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Transformation of Filamentous Fungi by Microprojectile Bombardment

Roland W. Herzog, Molecular Genetics Program, Department of Botany and Microbiology, 101 Life Sciences Building, Auburn University, AL 36849-5407, USA


Introduction
The vast majority of transformation protocols for filamentous fungi are based on permeabilizing cell membranes with polyethylene glycol (PEG) or electroporation. Both methods typically require preparing protoplasts or osmotically sensitive cells prior to transformation (Herzog et al ., 1996; Goldman et al ., 1990; a detailed review of fungal transformation systems is given by Lemke and Peng, 1995). Over the last few years, microprojectile bombardment has become a powerful tool for transformation of intact cells, particularly for the transformation of fungal strains that do not yield sufficient numbers of regenerating protoplasts or species that cannot be grown in culture, such as obligate plant pathogens. Biolistic transformation of Saccharomyces cerevisiae cells was optimized using the PDS-1000/He system (Heiser, 1992). In addition, several filamentous fungi have been transformed by means of microprojectile bombardment (Table 1). In this study, the PDS-1000/He system was used for stable nuclear transformation of an Aspergillus nidulans strain deficient in pyrimidine synthesis by selection for prototrophic transformants. The effect of conidial density, helium pressure, and size of microprojectiles on transformation frequency were investigated. Transformation frequency, mitotic stability of transformants, and Southern blot hybridization patterns were compared between conidia transformed by particle bombardment and protoplasts transformed by chemical (PEG-mediated) transformation. In addition, optimized conditions for microprojectile bombardment were compared with literature data on Biolistic transformation of other fungal species.


Materials and Methods
Strain and plasmid
Aspergillus nidulans strain A773 (pyrG89, wA3, pyroA4) was obtained from the Fungal Genetics Stock Center, Dept. of Microbiology, University of Kansas Medical Center, Kansas City, Kansas, and maintained on solid YG medium [0.5% yeast extract, 2% glucose, 2% agar, pH 6.3] supplemented with 0.12% uracil and 0.12% uridine. Plates were incubated for 68 days at 37 C at which time conidia were harvested in 0.9% sterile saline. The resuspended conidia were sonicated in an ultra sound sonicator for 1 min prior to being used for protoplast formation or for microprojectile bombardment.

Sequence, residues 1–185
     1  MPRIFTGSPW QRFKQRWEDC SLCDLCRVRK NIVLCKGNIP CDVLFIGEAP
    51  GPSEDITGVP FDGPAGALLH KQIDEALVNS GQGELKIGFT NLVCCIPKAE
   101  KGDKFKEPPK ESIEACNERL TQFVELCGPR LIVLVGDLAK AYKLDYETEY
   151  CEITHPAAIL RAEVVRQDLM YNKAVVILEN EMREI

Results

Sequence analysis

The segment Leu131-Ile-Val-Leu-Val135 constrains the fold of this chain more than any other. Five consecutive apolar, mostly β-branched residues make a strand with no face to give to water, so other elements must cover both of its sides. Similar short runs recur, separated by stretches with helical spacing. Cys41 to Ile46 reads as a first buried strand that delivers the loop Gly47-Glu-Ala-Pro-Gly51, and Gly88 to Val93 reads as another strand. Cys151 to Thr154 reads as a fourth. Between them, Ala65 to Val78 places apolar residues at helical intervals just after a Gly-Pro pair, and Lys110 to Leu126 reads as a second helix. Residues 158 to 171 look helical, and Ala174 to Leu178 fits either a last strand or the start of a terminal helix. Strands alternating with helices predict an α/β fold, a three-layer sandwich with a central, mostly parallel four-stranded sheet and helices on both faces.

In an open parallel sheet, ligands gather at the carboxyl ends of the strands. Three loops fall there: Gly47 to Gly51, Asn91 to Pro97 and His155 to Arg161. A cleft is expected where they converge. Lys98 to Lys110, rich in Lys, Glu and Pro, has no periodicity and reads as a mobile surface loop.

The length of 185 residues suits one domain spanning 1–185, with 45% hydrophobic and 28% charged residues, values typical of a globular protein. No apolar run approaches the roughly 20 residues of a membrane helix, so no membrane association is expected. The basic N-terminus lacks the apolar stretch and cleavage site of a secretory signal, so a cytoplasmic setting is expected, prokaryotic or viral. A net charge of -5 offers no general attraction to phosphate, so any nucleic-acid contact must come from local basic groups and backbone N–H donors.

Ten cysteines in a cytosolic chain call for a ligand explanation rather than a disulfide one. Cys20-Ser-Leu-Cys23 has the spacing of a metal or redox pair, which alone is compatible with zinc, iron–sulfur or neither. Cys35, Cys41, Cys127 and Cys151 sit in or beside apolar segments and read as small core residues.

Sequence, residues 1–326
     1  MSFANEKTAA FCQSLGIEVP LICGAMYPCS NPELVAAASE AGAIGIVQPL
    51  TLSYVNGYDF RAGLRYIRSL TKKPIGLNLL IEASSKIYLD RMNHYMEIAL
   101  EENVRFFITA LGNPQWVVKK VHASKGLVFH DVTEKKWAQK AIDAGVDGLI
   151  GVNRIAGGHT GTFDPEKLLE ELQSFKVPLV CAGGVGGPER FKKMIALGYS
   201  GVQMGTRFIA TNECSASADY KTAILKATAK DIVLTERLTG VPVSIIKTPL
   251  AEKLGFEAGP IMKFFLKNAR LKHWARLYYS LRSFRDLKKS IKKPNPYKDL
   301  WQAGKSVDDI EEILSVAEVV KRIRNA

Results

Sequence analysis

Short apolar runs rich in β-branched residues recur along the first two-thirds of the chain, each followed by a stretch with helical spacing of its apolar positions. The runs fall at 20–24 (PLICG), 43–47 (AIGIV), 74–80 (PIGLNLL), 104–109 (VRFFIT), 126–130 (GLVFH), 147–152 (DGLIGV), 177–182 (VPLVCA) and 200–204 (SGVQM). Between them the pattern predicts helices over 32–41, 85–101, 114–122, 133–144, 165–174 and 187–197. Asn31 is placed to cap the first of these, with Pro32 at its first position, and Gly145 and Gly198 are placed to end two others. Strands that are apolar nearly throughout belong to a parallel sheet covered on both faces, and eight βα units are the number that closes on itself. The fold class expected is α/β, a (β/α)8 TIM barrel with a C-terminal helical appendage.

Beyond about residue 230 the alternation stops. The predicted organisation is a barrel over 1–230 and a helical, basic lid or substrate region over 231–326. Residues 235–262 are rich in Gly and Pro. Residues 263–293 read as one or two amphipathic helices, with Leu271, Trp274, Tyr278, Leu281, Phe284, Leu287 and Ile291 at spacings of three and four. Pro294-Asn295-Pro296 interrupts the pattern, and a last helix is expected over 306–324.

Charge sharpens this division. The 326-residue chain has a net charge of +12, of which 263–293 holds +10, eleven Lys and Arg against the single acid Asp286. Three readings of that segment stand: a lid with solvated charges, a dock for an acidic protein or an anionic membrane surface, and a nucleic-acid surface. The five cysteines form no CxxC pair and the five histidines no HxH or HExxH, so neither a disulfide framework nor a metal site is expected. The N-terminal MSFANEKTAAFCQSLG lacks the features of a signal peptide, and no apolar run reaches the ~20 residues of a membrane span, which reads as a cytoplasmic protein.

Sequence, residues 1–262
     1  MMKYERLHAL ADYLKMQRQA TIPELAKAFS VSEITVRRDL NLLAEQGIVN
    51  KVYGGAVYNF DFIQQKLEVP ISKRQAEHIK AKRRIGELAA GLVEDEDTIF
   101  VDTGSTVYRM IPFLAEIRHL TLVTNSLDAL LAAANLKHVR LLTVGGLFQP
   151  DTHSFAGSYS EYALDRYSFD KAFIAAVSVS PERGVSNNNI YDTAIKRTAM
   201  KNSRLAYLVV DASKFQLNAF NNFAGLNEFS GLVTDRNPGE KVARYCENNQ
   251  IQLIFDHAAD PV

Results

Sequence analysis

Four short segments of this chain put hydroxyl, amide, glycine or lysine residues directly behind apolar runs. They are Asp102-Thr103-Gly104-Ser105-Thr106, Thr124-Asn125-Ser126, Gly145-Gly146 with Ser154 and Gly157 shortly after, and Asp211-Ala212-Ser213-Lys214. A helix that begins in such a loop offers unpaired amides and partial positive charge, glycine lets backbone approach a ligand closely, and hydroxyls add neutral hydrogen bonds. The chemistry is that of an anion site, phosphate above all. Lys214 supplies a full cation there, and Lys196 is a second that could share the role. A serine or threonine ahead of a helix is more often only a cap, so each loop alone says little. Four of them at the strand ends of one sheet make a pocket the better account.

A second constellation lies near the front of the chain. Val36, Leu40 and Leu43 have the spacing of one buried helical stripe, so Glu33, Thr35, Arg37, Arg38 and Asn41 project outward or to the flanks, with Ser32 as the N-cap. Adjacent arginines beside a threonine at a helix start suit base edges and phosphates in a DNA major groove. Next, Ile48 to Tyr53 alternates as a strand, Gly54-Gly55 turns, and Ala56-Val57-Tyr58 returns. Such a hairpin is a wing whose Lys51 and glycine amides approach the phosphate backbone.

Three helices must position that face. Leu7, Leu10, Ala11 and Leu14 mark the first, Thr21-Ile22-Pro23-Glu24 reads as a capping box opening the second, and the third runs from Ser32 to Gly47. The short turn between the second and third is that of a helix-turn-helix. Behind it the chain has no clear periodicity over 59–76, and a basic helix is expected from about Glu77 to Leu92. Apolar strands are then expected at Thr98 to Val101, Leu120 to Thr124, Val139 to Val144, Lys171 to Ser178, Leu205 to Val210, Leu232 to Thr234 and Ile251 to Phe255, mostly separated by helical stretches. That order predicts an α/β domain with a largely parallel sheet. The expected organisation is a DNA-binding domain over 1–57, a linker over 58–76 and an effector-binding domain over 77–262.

Plasmid pRG-1, a 5 kb plasmid containing the Neurospora crassa pyr4 gene cloned into pUC9 was used for transformation experiments. This plasmid has been shown to complement the pyrG89 mutation in A. nidulans (Ballance et al ., 1983; Waring et al ., 1989).

Biolistic transformation
Intact conidia were spread onto 10 ml of solid YG medium (in a 100 x 15 mm petri dish), briefly air-dried under sterile conditions, and used for microprojectile bombardment within 13 hours. Each plate was bombarded twice. Tungsten particles (M5, M10, or M17 particles, Bio-Rad Laboratories, Hercules, California) were prepared and coated with plasmid DNA as described by Daniell (1993). The following were added in order to a 1.5 ml microcentrifuge tube: 25 l tungsten particle suspension (1.5 mg in 50% glycerol), 5 l plasmid DNA (0.5 g/l), 25 l 2.5 M CaCl2, and 5 l 1 M spermidine free base. After each addition the suspension was vigorously vortexed and incubated on ice for 10 min. The DNA-coated tungsten particles were then pelleted in a microfuge for 10 seconds. After removing the supernatant, the tungsten particles were washed with ethanol, resuspended in 30 l ethanol, and 8 l loaded onto each of three macrocarrier discs for bombardment in the PDS-1000/He instrument. Target distance (6 cm), vacuum (28 in Hg) and other parameters were identical to conditions optimized for nuclear transformation of S. cerevisiae cells (Heiser, 1992). The bombardment pressure was varied from 400 to 1,600 psi. Bombarded plates were incubated at 37 C for 48 hours. Control plates were bombarded with tungsten particles which were prepared as described above but not coated with plasmid.

Formation and transformation of protoplasts
PEG-mediated transformation of protoplasts was performed as described by Herzog et al ., 1996.

DNA isolations and Southern blot analysis
DNA was isolated from transformed and non-transformed mycelia by the procedure of Raeder and Broda (1985). Samples of DNA were digested with PstI which cuts pRG-1 at a single site (Waring et al ., 1989). Southern blot hybridizations were carried out as outlined by Sambrook et al . (1989). Plasmid DNA probes were radioactively labeled using the Random Primed DNA Labeling Kit from United States Biochemical (Cleveland, Ohio).